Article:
17 March 2000
TIME LIMITED EXEMPTIONS AND FINANCIAL SUPPORT ARE CRITICAL TO SUSTAINABLE REDUCTIONS IN THE USE OF DDT
"A universal ban on DDT now must include time-limited exemptions for its production and use in malaria control. Otherwise, we might see increased death rates and suffering as a result of malaria," states David Nabarro, Project Manager for Roll Back Malaria in the World Health Organization (WHO). (1)
The announcement comes on the eve of the Fourth Meeting of the Intergovernmental Negotiating Committee on Persistent Organic Pollutants (POPs), organized by the United Nations Environment Programme (UNEP), in Bonn, Germany from 20-25 March 2000. The talks will lead to a legally binding Treaty to combat the threat of 12 POPs, including DDT, to the environment and public health. (2)
The Treaty aims to see a significant reduction in the use of DDT, if not its virtual elimination. The current draft of the Treaty includes exemptions which would allow countries to continue using the pesticide for public health purposes, as well as provisions for technical and financial support to DDT dependent countries to help them reduce their reliance on this persistent organic pollutant.
WHO believes that these exemptions and provisions are essential to reaching the ultimate goal. Nabarro adds: "A premature shift to less effective or more costly alternatives to DDT is likely to be unsustainable. Countries need time and resources to evaluate and select alternatives that are locally appropriate and sustainable. In the meantime, they require the reassurance that DDT can be used, if needed, to protect human lives. This is simply good planning, and good planning needs time and cash."
Provisions related to the reduction and or elimination of DDT are among the key issues to be discussed in Bonn this week.
Extensive use of DDT for agricultural purposes has resulted in serious damage to the global environment. Although the pesticide is now banned from agricultural use, it continues to be used in limited quantities for public health purposes. WHO projections suggest that the amounts of DDT needed for malaria control are a small fraction of what has been used for agricultural purposes.
Further reductions are possible. Environmentally safer alternatives to DDT do exist and more are under development. At present these alternatives are either significantly more expensive, or are useful only in more limited circumstances than DDT.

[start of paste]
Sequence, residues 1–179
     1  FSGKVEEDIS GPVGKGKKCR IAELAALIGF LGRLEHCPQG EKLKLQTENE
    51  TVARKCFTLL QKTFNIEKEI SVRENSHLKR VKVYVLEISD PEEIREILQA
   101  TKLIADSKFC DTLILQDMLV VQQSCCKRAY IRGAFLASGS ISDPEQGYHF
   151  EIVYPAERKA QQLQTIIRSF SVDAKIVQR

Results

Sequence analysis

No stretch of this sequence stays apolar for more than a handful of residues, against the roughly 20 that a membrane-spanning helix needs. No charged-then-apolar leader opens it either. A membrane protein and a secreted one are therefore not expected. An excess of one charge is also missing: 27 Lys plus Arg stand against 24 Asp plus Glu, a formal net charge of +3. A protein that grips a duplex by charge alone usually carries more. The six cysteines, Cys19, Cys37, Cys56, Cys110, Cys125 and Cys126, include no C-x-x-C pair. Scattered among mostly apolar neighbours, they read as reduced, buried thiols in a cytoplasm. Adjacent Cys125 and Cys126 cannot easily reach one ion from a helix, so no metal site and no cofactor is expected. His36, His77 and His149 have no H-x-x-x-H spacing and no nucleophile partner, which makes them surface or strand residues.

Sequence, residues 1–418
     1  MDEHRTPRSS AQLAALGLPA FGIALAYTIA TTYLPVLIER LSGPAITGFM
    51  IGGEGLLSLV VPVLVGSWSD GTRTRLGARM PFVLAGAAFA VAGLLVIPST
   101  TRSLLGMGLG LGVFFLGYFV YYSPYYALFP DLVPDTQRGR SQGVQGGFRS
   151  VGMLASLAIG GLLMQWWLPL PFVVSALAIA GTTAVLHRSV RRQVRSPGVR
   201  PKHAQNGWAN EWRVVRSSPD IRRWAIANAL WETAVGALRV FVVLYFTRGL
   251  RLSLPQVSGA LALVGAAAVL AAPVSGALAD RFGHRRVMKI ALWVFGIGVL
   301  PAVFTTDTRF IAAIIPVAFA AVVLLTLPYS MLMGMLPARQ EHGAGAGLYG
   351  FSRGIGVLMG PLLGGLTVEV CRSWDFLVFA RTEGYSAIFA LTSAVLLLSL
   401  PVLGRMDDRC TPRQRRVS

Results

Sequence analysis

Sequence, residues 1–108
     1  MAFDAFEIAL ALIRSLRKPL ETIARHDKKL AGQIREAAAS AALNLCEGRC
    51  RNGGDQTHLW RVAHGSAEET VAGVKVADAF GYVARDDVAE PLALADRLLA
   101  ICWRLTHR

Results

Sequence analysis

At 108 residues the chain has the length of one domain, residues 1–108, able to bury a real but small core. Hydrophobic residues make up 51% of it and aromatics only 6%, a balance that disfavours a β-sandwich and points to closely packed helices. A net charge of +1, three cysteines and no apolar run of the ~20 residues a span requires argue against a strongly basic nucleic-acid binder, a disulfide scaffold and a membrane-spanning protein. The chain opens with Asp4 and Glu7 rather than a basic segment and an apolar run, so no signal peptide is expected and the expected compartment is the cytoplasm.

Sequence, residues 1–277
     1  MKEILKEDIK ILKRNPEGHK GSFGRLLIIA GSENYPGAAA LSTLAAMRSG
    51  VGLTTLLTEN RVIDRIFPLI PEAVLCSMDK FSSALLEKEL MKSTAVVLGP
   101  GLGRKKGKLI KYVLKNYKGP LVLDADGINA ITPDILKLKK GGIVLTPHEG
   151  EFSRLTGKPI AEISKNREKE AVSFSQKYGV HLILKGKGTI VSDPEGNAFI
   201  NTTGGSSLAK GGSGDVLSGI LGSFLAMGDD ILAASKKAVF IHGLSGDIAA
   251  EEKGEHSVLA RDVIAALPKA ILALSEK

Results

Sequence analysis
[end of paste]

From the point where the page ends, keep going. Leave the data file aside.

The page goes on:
For many malaria-affected countries, responsible DDT use is a vital strategy in situations where alternatives are not available and where the potential loss of human life associated with unstable malaria transmission and epidemics is greatest.
"At present, issues around the continued use of DDT are emotive and complex," states Nabarro. "Countries affected by malaria are asking for help in making informed decisions towards reducing their use of DDT. They will try to eliminate its use, but to do this they want help to ensure that there are minimal adverse health consequences as a result the of their decisions."
WHO emphasizes the need for negotiators in Bonn to consider the available information on current public health uses of DDT and existing and potential alternatives, and has been working in collaboration with UNEP to ensure that this information is available. (3)
WHO and UNEP have also been working in partnership to ensure wide consultation and participation in POPs discussions at the country, regional and global levels.
"From our consultations with WHO member states and regional experts, it is clear that one of the highest priorities is the need for solid scientific and programme based information on the costs, effectiveness and safety of potential alternatives to DDT. This will require significant new investment by the global community in research and capacity building. This is one of the key reasons for supporting a time limited exemption on DDT use. To obtain this critical information will take several years," Nabarro says.
Notes to Editors:
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